Disappearing Act

I was walking down the street with – she’s not my mother, but she’s a mother figure. She’s about 65, and we ran into this other friend of mine. And this friend – he’s a lovely person. And he looked her in the eyes and shook her hand and said, ‘Hi, nice to meet you,’ and we talked, and when he left, she was so excited: ‘I can’t believe he looked me in the eye. I can’t believe he saw me.’”

Norah Sadava, one half of my iPad screen, takes a sip of her coffee. She

and Amy Nostbakken, the other half of my screen, are Quote Unquote Collective, and they’re taking a break from recording music for the film adaptation of their international hit play Mouthpiece to Skype with me about their new work, Now You See Her.

Sadava continues, “Because so often when you’re around young people, they don’t see you. You’re just this general wash, you’re the background.”

Nostbakken, nodding in agreement, tells me that the 65-ish character in their play, Joanne, is a journalist being given a lifetime achievement award, which comes with the unspoken message that she is to stop working and age gently out of sight. To become, after an accomplished life, part of the wash, part of the background.

Now You See Her is about all the insidious ways women fade away, get talked over, get written out, and disappear into the ether.

There are so many roads to vanish down while womaning, and Nostbakken and Sadava are walking them with a diverse team of collaborators to create their work. Initially conceived as a three-hander, Now You See Her’s scope has grown to include six actors. Characters include a scientist who is being written out of her own research; a new mother sucked into isolation, postpartum depression, and an eating disorder; a pop star pressured by the music industry to perform a version Blackness for white audiences at the expense of her real identity; and an exceptional Indigenous woman whose disappearance is, Nostbakken says, “quite obvious and literal.”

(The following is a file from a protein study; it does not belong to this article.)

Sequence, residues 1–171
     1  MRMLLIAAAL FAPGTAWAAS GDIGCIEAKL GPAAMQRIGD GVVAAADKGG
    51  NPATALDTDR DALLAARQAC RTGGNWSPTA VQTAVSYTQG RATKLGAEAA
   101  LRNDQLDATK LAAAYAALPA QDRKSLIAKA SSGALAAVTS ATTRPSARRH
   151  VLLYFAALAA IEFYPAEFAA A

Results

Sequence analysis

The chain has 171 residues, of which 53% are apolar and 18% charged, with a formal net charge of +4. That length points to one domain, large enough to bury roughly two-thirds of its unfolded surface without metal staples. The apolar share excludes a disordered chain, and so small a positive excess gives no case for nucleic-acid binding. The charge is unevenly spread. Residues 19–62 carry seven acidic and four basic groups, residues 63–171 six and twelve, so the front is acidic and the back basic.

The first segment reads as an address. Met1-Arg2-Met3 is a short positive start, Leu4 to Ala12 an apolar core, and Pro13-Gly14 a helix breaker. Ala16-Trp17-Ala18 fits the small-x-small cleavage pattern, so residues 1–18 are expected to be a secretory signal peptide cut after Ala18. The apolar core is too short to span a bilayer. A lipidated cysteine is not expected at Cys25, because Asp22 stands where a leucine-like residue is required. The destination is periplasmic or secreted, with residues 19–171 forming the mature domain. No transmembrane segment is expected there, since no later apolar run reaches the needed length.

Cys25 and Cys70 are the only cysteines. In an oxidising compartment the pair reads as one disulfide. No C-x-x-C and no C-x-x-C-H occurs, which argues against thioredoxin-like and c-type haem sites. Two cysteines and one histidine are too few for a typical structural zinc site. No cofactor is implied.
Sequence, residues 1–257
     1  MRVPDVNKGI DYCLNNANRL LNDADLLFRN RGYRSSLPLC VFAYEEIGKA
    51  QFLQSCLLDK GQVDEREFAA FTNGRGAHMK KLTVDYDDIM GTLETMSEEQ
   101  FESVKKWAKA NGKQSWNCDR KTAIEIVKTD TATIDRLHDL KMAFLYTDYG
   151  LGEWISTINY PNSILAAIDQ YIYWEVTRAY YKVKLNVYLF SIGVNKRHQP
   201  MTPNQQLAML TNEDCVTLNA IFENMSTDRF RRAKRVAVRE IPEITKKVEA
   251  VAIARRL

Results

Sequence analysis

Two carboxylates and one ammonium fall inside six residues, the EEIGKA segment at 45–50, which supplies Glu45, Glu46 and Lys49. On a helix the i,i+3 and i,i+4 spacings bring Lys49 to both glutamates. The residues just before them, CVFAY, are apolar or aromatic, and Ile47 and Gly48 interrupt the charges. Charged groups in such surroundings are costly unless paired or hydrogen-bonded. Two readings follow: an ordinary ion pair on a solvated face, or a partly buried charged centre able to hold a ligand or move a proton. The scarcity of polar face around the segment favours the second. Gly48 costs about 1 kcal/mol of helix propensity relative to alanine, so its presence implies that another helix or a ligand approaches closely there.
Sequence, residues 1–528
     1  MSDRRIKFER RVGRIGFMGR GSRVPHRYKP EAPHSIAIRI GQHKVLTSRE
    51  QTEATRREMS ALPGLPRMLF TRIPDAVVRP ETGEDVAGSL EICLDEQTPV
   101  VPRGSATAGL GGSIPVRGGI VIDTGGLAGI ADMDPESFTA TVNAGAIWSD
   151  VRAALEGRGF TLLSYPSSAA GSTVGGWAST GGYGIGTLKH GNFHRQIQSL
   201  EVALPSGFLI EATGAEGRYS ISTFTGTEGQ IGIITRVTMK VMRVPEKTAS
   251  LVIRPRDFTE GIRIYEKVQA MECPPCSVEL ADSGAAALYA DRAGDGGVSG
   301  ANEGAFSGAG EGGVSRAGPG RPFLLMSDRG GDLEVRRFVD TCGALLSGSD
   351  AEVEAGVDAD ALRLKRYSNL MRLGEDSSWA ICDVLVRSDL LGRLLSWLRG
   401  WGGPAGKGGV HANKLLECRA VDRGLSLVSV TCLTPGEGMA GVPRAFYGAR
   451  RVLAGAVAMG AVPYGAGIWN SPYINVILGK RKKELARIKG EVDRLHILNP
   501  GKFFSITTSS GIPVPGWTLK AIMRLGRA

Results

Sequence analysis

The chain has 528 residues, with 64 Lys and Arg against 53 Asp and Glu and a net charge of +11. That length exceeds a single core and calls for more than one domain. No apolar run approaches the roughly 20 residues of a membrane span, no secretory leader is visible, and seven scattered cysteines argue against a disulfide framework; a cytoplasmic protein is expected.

Quote Unquote’s three-year process has been extremely collaborative, and their team members have driven the collective development of the piece and their characters’ arcs. They’ve also invited outside eyes into the studio with the hope that no particular actor would have to feel the weight of speaking for their entire culture or community, or telling a disappearance story that felt like a dangerous trope. Each of the characters is painted by the experiences of the woman developing her, and her behaviours, her movements, her relationships are discussed in the room.

In a cast of vanished, invisible, and disappearing women, the conspicuously absent parties are men. I ask Nostbakken and Sadava whether they think men are responsible for the erasure of women. The question leads to an uncomfortable pause.